It doesn’t matter if you are accused of sexual impropriety, assault or rape — Brett Kavanaugh, Rob Porter, Bill O’Reilly, Roger Ailes. Just deny, deny, deny. Admit nothing.

If a man strongly, passionately denies something, then he has performed his function, he has risen to — or descended to — the moment.

The column included a quotation from Trump that reveals his utter inability to understand the way in which his behaviors are seen by normal, adult persons:

According to Bob Woodward last year, Trump talked about a “friend who had acknowledged some bad behavior toward women.” When counseling that friend on how to respond, Trump said, “You’ve got to deny, deny, deny and push back on these women.” Trump continued: “If you admit to anything and any culpability, then you’re dead. That was a big mistake you made.”

In Trump’s world, apologies and punishments are for the weak. They are for losers.

Of course, that’s the exact opposite of reality in grown-up land. People who refuse to admit their mistakes, who refuse to own their own errors–who refuse to apologize when they’ve misbehaved or even inadvertently offended someone–are actually seen (accurately, I would argue) as immature and insecure.

That’s because defensiveness is childish. It is children who react to accusations by denying they did whatever it was, or by insisting that whatever was said or done was right and the accuser is wrong, no matter the evidence to the contrary. Children must be taught to recognize that everyone makes mistakes, and that people will think better of them, not worse, if they own their behaviors.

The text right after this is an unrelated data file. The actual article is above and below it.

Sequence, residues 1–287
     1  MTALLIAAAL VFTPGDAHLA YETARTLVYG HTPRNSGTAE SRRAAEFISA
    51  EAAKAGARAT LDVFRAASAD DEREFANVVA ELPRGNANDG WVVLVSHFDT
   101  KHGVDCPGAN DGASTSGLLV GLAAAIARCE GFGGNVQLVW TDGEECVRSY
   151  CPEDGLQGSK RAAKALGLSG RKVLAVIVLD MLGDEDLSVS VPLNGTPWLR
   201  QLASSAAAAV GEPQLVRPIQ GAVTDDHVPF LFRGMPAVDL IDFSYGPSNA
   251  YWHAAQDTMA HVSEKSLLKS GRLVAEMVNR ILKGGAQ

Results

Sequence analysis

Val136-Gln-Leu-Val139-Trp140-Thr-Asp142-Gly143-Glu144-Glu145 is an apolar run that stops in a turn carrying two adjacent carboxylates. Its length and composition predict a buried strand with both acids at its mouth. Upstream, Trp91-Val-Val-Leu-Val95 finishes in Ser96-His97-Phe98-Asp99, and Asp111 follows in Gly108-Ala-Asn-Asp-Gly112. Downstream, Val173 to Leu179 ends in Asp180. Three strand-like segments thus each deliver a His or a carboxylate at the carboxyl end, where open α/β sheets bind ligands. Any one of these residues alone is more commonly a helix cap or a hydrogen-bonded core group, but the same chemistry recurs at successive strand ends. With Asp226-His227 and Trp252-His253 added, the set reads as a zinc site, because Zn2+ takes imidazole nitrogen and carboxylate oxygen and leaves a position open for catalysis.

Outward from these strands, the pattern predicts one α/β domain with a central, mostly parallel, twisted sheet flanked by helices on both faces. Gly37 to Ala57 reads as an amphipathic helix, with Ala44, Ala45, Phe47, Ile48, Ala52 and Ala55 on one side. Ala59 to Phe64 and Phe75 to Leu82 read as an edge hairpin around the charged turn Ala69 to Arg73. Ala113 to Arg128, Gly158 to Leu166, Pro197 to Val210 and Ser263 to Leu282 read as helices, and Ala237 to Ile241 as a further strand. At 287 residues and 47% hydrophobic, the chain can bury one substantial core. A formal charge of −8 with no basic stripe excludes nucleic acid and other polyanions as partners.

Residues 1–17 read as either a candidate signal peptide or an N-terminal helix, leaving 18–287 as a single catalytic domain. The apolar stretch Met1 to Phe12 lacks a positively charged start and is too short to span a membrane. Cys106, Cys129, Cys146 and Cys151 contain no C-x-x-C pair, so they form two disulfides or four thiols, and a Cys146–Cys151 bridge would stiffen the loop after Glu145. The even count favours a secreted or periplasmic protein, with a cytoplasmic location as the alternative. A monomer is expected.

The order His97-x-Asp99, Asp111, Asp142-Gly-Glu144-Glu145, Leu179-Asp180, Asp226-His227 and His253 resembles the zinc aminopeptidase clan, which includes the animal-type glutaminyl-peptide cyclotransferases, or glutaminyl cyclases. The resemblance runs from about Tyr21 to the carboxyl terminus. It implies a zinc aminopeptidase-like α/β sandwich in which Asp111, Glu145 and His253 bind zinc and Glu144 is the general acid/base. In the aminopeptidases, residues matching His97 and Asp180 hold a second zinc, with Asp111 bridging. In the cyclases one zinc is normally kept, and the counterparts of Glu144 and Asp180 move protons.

People who’ve actually grown up know that it is evidence of maturity to say “I was wrong. I’m sorry” when an apology is indicated.

Of course, some people never do grow up. There’s a reason people so often compare Donald Trump to a third-grader, and it isn’t just his vocabulary.

 

 

It’s Never His Fault

If there is one area of consistency in the chaos of Trump World, it’s this: no matter what the problem is, it isn’t his fault.

The black guy did it.

Juanita Jean has one of the latest manifestations: As she writes, “I knew Fox News would find a way to blame Barack Obama for Epstein’s plea deal with Acosta.”